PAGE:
DBS CEO Welcomes China Fintech Clampdown After Ant Scrutiny
(Bloomberg) -- DBS Group Holdings Ltd.’s top executive welcomes the increased regulatory scrutiny of financial technology companies in China and elsewhere in Asia, saying it will create fairer competition with banks that have been subject to stricter oversight.
“Over time you will start getting a more level playing field, and you’ll start getting a proportionate and even regulatory response to all participants in the market,” Chief Executive Officer Piyush Gupta said in an interview with Bloomberg Television on Thursday.
Gupta spoke after being asked for his view on the shelving of Ant Group Co.’s initial public offering in China as regulators seek to level competition between fintech giants and traditional banks. Ant and other firms in recent years have grown their financial services on the mainland and beyond, including in Southeast Asia, where DBS is the largest lender.
“Our view has been in the past that many technology companies have been able to benefit from the arbitrage of not having the same regulatory regime and supervision overhead that banks do,” Gupta said. “And so as we get to that stage that’s actually helpful to us.”
China’s top banking watchdog is doubling down on a push to rein in financial technology companies such as Ant, promising to eliminate monopolistic practices and strengthen risk controls in the industry. Ant and other firms such as Tencent Holdings Ltd. have built dominant positions in payments and online consumer lending over the past decade, free from the oversight applied to traditional financial companies.
Chinese regulators this month outlined new rules to curb the rapid growth and leverage at the nation’s more than 200 micro-lenders, putting a surprise halt to Ant’s $35 billion IPO.
Ant, along with Tencent-backed Sea Ltd., has applied for Singapore’s digital banking licenses, which could pit them against major rivals such as DBS. Over the past decade, Gupta has spent billions of dollars upgrading DBS’s technology and digitalization in anticipation of growing competition.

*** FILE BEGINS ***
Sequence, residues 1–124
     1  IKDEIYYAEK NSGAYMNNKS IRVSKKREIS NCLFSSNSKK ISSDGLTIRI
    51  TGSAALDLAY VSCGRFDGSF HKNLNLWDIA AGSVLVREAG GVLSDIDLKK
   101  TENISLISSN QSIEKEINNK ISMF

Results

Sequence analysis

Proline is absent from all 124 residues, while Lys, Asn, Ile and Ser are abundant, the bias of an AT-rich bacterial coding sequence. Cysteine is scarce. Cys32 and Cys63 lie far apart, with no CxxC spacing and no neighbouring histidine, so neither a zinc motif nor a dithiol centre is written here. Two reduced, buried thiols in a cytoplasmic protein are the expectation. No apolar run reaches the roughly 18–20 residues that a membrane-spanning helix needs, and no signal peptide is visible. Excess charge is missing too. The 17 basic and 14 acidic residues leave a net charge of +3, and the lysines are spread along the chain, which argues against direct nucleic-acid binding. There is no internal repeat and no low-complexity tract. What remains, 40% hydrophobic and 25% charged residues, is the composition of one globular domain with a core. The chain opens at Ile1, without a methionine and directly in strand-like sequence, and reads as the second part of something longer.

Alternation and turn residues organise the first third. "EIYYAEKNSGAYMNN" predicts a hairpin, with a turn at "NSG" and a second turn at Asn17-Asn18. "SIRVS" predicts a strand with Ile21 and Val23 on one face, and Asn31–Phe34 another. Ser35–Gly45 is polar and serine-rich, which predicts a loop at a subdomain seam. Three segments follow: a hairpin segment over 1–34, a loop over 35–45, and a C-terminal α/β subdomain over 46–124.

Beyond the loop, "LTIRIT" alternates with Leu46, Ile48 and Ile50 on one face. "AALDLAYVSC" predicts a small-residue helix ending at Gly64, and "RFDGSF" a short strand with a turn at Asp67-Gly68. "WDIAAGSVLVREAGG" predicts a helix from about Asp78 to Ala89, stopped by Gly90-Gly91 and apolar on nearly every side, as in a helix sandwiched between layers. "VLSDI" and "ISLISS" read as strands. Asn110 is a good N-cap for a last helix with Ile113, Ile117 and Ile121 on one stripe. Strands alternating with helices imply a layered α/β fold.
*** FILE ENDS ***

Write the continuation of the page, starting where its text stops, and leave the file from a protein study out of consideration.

“Where we are today in our core markets, we are reasonably confident that we have what it takes to compete,” Gupta said.
India’s central bank this week asked DBS’s India unit to take over a capital-starved lender in the South Asian nation, in a deal that will see DBS India Ltd. pump in 25 billion rupees ($336 million) in fresh capital in Lakshmi Vilas Bank Ltd.
While declining to comment on the plans due to pending regulatory approval, Gupta said the deal won’t impact DBS’s dividend payment. China, India and Indonesia are key regional markets the bank is expanding into, he said.
In China, DBS recently got approval to set up a brokerage venture where it can own 51%. The bank will partner with “a couple” of local firms, Gupta said. without naming them. The lender is also growing its presence in the Greater Bay area of southern China and Hong Kong, and will target consumer finance.
Future of Work
Like most major global banks, DBS is also adjusting its policies on workspace and staffing due to the Covid-19 epidemic. All of DBS’s 29,000 employees will be allowed to work remotely for as much as 40% of the time to address changes brought upon by the epidemic, the company said this week.
Asked whether DBS plans to keep all of its office space and staff in all regions, Gupta said there will be no retrenchment program.
“I’d imagine that in the next 5-7 years, our overall real-estate footprint will be a tad smaller than what it is now,” he said. With “the reskilling agenda, and then the natural attrition when people retire and move on, I think will be able to get to the workforce profile that we need.”
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